Patient charges will not increase from 1 April in England or Wales, it has been confirmed.
The Department of Health and Social Care says there will not be a hike in patient charges in England from 1 April.
Similarly, the chief dental officer for Wales, Colette Bridgman, confirmed the same for the Welsh profession.
This follows the announcement in November that NHS patient fees will increase by 5% just before Christmas.
The hike was delayed in April as a result of the pandemic. But from 14 December 2020, the new patient charges mean:
- A routine check up will increase by £1.10. This indicates an increase from £22.70 to £23.80
- Treatments including root canals and extractions will increase by £3.10, from £62.10 to £65.20
- Finally, procedures such as crowns, bridges and dentures will rise by £13.50, from £269.30 to £282.80.
The government also announced this week that NHS dental practices will need to hit 60% of their pre-COVID activity from 1 April.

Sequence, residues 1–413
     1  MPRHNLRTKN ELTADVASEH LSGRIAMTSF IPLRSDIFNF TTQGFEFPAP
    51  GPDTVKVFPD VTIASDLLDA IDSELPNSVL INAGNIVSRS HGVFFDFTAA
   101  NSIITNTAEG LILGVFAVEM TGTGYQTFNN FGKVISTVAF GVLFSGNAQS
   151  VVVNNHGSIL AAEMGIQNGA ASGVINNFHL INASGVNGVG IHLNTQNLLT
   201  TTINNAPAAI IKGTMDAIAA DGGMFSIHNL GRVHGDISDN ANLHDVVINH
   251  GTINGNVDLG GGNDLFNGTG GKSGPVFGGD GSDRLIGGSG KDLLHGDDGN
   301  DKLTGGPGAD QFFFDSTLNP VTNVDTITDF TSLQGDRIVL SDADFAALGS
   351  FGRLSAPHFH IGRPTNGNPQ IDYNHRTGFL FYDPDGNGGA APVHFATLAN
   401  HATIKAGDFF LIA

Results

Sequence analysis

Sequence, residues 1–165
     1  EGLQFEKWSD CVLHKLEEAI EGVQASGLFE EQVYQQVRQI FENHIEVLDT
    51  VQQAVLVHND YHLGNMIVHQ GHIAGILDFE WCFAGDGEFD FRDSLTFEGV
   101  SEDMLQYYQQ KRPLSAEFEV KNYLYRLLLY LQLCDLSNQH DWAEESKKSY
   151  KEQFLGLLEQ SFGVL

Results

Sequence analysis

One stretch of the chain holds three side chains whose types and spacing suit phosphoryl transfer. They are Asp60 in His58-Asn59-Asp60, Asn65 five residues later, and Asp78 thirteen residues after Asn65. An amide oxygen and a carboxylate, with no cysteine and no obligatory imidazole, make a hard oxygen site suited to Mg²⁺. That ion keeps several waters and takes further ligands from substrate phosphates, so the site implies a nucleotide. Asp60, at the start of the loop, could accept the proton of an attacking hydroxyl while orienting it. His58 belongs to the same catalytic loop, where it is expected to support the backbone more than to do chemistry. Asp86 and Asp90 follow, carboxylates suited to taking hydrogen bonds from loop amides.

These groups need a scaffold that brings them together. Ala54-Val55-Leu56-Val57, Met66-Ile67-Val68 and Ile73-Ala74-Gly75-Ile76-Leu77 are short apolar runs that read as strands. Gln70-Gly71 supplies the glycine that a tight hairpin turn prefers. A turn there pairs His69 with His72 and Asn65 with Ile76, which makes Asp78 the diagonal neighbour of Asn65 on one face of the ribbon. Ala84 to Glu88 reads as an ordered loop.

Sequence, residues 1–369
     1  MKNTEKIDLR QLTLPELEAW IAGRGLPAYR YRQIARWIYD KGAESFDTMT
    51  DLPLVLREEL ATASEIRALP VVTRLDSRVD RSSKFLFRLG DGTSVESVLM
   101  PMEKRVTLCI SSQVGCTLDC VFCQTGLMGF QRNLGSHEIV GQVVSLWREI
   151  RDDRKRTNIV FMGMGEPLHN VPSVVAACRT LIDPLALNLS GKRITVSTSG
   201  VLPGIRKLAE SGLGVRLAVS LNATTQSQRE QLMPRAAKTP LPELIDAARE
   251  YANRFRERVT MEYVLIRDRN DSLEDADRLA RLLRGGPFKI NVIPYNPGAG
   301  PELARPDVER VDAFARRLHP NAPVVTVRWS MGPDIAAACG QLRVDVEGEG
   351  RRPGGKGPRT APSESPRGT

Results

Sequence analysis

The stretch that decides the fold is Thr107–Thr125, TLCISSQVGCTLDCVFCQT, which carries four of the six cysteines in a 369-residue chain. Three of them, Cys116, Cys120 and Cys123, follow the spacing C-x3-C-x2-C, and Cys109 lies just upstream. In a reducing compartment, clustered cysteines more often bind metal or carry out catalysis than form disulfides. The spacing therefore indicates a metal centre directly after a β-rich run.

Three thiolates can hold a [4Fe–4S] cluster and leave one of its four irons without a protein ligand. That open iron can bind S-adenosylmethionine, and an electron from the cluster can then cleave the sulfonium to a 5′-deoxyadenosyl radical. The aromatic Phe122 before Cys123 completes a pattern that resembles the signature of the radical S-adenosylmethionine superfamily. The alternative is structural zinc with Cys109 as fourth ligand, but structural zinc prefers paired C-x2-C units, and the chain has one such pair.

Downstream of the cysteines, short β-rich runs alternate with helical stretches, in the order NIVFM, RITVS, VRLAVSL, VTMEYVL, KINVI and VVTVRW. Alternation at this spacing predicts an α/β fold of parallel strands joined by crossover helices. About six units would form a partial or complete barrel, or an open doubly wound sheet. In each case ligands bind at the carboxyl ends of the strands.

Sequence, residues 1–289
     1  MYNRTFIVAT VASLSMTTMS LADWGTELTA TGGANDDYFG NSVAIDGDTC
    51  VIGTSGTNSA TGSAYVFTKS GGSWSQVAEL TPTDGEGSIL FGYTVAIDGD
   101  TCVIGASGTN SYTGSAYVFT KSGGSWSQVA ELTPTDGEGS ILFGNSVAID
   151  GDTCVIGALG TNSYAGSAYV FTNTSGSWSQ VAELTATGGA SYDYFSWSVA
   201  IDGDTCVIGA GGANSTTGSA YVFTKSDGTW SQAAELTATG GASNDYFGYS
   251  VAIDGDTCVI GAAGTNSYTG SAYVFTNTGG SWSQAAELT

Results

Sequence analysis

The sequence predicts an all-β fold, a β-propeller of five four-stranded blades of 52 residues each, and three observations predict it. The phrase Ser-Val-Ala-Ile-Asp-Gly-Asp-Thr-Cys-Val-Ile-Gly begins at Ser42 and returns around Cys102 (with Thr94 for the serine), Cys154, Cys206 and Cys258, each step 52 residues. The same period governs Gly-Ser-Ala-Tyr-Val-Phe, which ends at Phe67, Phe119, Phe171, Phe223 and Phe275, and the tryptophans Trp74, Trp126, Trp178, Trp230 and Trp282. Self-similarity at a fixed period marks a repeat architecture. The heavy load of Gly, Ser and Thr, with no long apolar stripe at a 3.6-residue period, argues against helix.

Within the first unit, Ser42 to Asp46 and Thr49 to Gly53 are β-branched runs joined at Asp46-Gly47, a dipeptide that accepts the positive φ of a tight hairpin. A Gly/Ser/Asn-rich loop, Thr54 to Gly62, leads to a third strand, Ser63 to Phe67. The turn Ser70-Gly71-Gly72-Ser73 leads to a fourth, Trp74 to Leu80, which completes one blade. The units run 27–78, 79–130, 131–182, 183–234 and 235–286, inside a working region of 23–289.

From 1 January 2021, dental practices needed to deliver 45% of their NHS contracts to avoid being handed financial penalties.
But now this target has been raised to 60%. It is set to last for six months, until 1 October 2021.
The move has been criticised by the British Dental Association (BDA), which argues that targets are not appropriate during a pandemic.
Targets have no place
Shawn Charlwood is chair of the BDA’s general dental practice committee. ‘Dentists in England have been put in an invidious position,’ he said.
‘Practices are already working unsustainably to try and meet perverse targets, and now hundreds face an existential threat.
‘Patients deserve to know why Whitehall accountants are being given free rein to dictate targets that fly in the face of government guidance, NHS protocols, and even clinical advice supplied to ministers.
‘While the vaccine programme is making real headway, the restrictions we work to remain unchanged. Targets have no place during a pandemic. Doubling down will only leave the future of NHS services in doubt.’
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